HESIOD. Works. Oxford, Sheldonian Theatre, 1737.
4to. Brown calf, upper and lower covers bordered in gilt, spine with 5 raised bands, profusely decorated with star and circle motifs, red spine label reading "Robinson's Hesiod", board edges decorated in gilt, in zig zag; pp. frontispiece, , lviii, 496, 1 plate; some minor rubbing and wear, mainly to head and tail of spine, bookplate of Thomas De Gray to front paste down endpaper, library shelf stamp to rear of front free endpaper, some minor foxing and toning as usual, but overall a very good copy in an attractive binding.
Hesiod was a Greek poet generally thought to have been active between 650-750 BC. Both ancient and modern critics disagree as to precisely which works, and which parts of those works, are actually by Hesiod, and not just attributed to him. This edition (comprising solely of parallel Greek and Latin) includes:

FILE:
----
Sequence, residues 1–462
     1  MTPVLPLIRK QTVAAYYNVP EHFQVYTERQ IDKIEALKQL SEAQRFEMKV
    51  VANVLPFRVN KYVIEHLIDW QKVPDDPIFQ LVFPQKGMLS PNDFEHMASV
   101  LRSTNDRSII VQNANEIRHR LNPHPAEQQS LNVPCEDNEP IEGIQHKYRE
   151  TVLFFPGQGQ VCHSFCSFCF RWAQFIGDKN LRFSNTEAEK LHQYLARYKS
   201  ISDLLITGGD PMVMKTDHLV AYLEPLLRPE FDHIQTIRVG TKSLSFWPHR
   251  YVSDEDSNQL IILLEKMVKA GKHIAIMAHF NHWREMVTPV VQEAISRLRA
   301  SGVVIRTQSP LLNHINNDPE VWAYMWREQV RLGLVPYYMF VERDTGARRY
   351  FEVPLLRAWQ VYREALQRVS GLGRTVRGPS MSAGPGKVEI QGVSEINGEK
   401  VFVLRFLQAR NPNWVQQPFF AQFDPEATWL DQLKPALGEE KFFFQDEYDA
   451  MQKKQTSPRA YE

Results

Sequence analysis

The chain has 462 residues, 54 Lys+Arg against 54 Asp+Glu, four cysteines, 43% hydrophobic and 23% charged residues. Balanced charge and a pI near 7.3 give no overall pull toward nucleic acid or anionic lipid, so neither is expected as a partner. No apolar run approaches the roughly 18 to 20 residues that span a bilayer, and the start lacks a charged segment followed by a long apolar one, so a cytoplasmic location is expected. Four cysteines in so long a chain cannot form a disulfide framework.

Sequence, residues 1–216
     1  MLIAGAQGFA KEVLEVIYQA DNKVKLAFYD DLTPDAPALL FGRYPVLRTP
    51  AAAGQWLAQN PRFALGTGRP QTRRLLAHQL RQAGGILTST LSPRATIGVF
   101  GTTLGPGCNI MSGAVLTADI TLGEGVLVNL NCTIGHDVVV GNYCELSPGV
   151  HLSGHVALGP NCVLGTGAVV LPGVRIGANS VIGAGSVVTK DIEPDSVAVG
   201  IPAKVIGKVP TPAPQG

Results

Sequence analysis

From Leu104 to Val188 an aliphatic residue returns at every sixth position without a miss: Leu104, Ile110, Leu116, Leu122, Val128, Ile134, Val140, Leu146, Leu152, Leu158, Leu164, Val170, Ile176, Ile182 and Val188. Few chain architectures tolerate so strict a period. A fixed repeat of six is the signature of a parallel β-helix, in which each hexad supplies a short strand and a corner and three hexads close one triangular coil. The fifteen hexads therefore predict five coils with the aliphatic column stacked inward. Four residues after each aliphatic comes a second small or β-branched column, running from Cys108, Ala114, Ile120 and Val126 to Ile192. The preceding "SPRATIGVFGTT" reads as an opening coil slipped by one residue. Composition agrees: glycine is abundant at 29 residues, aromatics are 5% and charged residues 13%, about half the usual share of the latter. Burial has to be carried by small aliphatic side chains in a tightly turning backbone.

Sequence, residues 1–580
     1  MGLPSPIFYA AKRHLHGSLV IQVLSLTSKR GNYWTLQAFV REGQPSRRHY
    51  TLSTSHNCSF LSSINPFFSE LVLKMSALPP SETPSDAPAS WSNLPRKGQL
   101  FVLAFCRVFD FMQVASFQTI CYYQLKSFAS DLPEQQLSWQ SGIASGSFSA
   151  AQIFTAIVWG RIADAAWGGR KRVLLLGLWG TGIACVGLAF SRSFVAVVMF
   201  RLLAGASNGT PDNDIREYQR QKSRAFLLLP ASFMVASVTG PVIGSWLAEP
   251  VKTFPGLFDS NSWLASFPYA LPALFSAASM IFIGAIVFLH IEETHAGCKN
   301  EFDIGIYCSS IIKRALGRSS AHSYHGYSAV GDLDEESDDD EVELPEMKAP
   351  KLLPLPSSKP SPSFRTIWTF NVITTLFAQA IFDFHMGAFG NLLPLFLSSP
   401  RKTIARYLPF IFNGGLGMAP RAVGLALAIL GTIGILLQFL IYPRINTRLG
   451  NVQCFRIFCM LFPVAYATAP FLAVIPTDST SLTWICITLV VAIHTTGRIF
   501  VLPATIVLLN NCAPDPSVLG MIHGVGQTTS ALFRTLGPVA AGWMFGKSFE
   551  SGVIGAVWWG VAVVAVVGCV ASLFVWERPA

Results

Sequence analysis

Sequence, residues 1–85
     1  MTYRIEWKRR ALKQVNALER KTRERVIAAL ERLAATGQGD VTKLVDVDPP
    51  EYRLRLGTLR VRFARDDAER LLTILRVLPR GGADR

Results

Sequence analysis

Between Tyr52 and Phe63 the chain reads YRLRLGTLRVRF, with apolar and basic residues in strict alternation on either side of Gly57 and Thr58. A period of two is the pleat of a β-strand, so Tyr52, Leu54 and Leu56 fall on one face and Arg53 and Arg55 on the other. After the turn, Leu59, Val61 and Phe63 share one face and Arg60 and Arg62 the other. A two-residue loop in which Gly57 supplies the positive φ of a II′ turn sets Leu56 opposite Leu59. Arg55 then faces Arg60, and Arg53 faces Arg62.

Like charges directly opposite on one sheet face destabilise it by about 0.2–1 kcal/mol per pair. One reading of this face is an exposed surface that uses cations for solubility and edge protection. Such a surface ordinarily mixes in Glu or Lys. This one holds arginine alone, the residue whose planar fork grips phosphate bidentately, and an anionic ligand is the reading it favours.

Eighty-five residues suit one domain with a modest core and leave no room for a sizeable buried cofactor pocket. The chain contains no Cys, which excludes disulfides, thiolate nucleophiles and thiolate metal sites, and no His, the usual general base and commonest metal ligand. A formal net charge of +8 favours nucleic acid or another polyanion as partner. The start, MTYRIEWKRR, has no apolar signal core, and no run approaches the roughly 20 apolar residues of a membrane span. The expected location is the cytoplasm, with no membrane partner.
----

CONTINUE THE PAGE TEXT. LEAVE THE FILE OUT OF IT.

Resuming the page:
Theogony (Deorum Generatio), considered his earliest work, concerning the gods. It begins with Chaos, Gaia, Tartarus and Eros, and shows a special interest in genealogy. Herodotus considered Hesiod's version of the myths the common thread that bound together Hellene culture.
Works and Days (Opera et Dies), an 800-line poem which focuses on two salient truths: labour is the universal lot of Man, but he who is willing to work will get by.
The Shield of Hercules (Scutum Herculis) covers one of the exploits of Heracles, though many critics (including some in antiquity) believe it to have been written in the 6th century BC, after Hesiod.
It also contains the Contest of Homer and Hesiod (Homeri & Hesiodi Certamen), the Lectiones Hesiodeae by Johannis Georgii Graevii and Various Notes on Hesiodus (Variorum Notae in Hesodium).